Catching up

Between being out of the country and starting a new job, I’ve been fairly delinquent about updating this blog. Here’s an attempt at catching up.


  • First, Cedric Sam mashes up 2008 political donation data to create a map of political contributors by party based on full (six-character) postal codes.

    Cedric explains:

    There were also some cleverly hidden public data that consists in the postal code of a single contributor. Using a Web browser, it was impossible to compile this data into a database. But using simple scripts with a command-line tool like curl, it was possible to know the location that a donor used to make its donation, including private residence. It might be of questionable good taste to reveal those on a map, but in an era of data mashups and visualisation, it makes perfect sense for what is after all public data.

    A man after my own heart. Another way of presenting this data would be to sum totals for each party at all levels by FSA, then map a rate (dollars per 1,000 of population, something like that.)


  • From the University of Toronto map library: a visualization of Toronto’s afternoon rush hour, 1915.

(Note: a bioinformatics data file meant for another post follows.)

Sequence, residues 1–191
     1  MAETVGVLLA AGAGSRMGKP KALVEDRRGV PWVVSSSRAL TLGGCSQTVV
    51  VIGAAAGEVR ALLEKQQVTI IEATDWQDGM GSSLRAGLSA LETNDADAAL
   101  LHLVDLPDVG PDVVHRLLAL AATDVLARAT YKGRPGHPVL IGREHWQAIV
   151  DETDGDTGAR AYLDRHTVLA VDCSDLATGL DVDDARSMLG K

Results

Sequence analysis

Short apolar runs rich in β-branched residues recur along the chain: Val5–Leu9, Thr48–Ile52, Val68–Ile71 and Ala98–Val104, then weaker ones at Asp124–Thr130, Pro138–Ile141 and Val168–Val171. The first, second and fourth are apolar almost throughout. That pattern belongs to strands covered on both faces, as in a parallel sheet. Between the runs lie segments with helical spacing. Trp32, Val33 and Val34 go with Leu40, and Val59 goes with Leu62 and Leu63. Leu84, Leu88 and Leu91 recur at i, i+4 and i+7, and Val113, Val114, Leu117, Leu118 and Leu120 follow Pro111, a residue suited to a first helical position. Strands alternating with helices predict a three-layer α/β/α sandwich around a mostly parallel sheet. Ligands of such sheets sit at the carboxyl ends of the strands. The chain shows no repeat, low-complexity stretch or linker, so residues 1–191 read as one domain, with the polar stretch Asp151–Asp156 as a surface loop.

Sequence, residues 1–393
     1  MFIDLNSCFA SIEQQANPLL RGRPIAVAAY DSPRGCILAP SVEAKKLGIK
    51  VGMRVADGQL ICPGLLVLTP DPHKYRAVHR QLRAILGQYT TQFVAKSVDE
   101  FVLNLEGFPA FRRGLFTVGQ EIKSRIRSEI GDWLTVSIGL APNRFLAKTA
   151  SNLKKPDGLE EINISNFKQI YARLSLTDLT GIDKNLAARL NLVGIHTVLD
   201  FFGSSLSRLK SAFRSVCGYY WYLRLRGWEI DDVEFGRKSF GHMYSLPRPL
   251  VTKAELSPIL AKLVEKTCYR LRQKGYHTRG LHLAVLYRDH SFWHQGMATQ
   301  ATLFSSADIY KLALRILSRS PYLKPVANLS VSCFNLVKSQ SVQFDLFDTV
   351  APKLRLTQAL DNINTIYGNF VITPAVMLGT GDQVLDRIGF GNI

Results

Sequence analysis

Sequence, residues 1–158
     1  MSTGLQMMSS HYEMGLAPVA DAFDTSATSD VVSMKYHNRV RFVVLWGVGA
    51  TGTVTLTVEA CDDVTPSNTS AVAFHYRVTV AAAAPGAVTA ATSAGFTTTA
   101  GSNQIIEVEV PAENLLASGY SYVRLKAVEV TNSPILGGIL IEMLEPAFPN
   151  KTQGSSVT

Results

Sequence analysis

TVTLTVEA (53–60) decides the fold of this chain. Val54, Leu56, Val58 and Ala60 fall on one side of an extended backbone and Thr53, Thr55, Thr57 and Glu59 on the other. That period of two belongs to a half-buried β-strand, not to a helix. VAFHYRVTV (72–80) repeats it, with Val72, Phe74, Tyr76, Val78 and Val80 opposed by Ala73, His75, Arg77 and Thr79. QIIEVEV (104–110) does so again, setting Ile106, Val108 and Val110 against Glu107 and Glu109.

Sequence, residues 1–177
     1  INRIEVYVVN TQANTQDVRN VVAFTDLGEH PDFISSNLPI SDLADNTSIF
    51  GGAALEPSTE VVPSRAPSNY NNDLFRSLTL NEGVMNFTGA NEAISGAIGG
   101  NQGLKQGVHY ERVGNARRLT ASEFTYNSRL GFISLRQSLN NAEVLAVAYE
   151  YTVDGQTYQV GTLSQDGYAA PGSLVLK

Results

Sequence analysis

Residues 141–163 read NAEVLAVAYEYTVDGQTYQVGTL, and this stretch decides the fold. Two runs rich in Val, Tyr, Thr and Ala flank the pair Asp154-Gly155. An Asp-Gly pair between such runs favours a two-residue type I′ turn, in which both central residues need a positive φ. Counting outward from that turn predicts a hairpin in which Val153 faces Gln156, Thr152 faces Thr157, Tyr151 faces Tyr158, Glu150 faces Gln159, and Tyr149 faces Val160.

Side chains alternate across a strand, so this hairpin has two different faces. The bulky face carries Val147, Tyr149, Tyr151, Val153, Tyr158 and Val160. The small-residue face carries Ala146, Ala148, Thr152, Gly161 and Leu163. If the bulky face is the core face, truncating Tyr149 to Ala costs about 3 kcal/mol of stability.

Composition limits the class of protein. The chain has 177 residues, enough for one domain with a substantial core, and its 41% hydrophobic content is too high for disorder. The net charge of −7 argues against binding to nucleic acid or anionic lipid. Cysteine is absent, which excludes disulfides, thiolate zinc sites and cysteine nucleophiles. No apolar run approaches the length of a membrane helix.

• From the Guardian: maps of teen pregnancy rates and child poverty in Britain.

  • twitterdots.posterous.com maps 24 hours of a term on Twitter across the globe:

    24 Hours of Good Morning on Twitter from Rio Akasaka on Vimeo.


  • The Map Room points to a map of profanity on Twitter, in which the coastal South glows bright red:

    Daniel P. Huffman has created a map of profanity on Twitter (original PDF here). It takes a sample of 1.5 million geocoded tweets in March and April 2010 and maps the percentage of words in said tweets that are profanities. Salt Lake City never swears, apparently.


  • In the Times, a followup of sorts to our baby name maps:

    A new study finds that parents in newer, “frontier” states choose less-common baby names than parents in older states (like the original 13).


  • And the Norwegian paper Bergens Tidende maps a decade’s worth of road accident data for that country.
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